Takeaway: Your protagonist’s personality can never be too complex.


A gimmick is a storytelling device that works like a cheap magic trick, which is to say it fools the audience once but then immediately loses its power. That’s because gimmicks, generally speaking, lack emotional resonance. A killer springing back to life at the end of a horror movie, for instance, is a gimmick. A device is something entirely different. A device, like a tool, is a resource that meets a need. Used thoughtfully, a device can get called into service again and again without losing its ability to meet its accompanying need.

In Russian Doll, obviously the main device is the Groundhog Day contrivance of repeated deaths and rebirths. Why is this a device and not a gimmick? Because it serves a credible purpose. The first time Nadia dies and revives, it’s a fun jolt for viewers who didn’t expect the event to happen, and it’s a necessary milestone for viewers who know the show’s premise before watching. The second time Nadia dies and revives, two things happen: First, a pattern is established, thus creating a contract with the audience — this is the journey we’re going to take. Second, meaning is fused to the device.

Before Nadia dies and revives the first time, she seems to operate on pure id, devouring life with relentless forward motion. Once she gets stuck in the loop, she is forced to examine her life, but not in the straightforward, lesson-learning fashion of Groundhog Day. Nadia endeavors to solve the mystery of the loop, soon realizing that doing so will require her to solve the mystery of her life.

Takeaway: Purpose differentiates a device from a gimmick.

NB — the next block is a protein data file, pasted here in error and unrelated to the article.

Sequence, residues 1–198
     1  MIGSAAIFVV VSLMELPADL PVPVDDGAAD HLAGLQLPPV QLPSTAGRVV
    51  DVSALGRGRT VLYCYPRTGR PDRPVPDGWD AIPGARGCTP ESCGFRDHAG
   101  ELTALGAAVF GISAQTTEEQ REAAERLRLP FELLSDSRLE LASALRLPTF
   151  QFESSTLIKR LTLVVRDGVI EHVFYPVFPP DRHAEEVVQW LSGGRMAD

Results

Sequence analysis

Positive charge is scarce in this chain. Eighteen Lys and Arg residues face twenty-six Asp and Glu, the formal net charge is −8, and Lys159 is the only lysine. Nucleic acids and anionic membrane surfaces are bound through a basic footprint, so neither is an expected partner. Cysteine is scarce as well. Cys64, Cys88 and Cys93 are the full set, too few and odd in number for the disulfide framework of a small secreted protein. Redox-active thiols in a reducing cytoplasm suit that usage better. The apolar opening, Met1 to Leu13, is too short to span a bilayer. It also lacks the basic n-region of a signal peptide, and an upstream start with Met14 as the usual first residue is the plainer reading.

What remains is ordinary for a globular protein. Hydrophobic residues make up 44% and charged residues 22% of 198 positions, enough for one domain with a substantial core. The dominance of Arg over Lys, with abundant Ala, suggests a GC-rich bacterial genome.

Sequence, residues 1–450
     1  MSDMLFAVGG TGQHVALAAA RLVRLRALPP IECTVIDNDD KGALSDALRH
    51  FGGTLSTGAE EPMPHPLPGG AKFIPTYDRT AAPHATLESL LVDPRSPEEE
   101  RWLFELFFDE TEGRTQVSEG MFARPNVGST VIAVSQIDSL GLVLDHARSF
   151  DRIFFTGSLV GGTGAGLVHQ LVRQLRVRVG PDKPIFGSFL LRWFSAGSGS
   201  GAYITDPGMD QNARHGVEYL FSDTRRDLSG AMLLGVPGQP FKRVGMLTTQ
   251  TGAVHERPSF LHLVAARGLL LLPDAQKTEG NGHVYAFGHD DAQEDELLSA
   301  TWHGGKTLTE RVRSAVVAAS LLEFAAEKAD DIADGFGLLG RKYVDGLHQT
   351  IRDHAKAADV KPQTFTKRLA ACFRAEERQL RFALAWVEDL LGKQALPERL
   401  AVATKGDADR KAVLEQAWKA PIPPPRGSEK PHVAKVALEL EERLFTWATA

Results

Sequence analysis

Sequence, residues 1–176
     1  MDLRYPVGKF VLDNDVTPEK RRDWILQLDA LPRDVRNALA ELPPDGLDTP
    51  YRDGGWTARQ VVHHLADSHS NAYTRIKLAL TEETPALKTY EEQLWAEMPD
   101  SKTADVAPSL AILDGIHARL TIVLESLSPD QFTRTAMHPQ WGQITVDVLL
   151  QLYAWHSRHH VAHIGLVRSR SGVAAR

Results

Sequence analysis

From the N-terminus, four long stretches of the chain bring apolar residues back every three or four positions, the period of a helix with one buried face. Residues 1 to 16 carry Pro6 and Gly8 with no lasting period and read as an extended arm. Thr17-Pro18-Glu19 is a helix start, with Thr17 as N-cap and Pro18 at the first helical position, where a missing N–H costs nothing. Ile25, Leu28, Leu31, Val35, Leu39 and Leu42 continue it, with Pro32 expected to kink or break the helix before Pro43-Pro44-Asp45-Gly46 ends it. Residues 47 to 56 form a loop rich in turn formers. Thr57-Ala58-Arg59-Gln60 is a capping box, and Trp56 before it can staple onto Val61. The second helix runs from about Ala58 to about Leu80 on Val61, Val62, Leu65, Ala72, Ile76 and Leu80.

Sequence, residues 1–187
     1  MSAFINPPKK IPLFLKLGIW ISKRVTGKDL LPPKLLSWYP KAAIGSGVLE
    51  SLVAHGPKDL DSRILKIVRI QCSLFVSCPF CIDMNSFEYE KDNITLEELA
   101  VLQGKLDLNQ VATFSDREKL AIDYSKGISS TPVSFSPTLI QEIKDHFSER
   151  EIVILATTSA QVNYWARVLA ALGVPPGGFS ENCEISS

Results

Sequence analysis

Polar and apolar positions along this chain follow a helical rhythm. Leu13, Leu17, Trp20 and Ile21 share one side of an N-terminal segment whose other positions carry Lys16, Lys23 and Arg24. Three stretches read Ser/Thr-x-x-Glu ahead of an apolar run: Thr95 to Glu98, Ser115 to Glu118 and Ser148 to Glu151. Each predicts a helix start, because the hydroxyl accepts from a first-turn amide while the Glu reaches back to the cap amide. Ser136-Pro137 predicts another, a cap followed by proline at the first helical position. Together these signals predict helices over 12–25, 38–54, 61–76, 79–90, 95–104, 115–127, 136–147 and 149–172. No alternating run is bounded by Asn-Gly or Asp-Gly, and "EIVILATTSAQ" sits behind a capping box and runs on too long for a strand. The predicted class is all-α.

One of the trickiest concepts for new writers to grasp is tone, because it’s hard to put into words and it doesn’t mean the same thing to everyone. In fact, it’s easier to describe a show (or a script) with tone problems than it is to describe a show (or a script) with an effective tone. That is, if the tone in question is something fresh and innovative, as opposed to the trusty modalities of broad comedy, dark suspense, and so forth. In today’s TV landscape — a realm that includes Atlanta and Legion and other rule-breaking shows — audiences have grown not only tolerant of, but hungry for stories that ignore yesterday’s expectations.

As mentioned before, Russian Doll is hard to pin down in terms of genre, but it hangs together surprisingly well. One reason was explored in a recent Variety article, which cited Russian Doll and Homecoming as examples of a new format: the half-hour drama. Today’s TV creators have gone beyond challenging established “rules” of small-screen storytelling; they’ve moved into a space of asking why there are rules in the first place. Whatever works, works.

In the case of Russian Doll, the half-hour format allows Lyonne, Headland and Poehler to focus on Nadia almost exclusively, instead of cutting back and forth between multiple storylines. In turn, this gives the show inherent coherence, no matter how wildly the tone shifts from moment to moment, because viewers are living Nadia’s life (and death) in step with her. Just as each of our own lives swerves from laughter to sadness to boredom with each new event and each new feeling, Russian Doll follows where Nadia leads. Character truth, grounded in the creators’ meticulous development work and deliberate use of a rich storytelling device, sets the course, which has the effect of setting the tone.

Takeaway: Tone that emerges from story always feels true.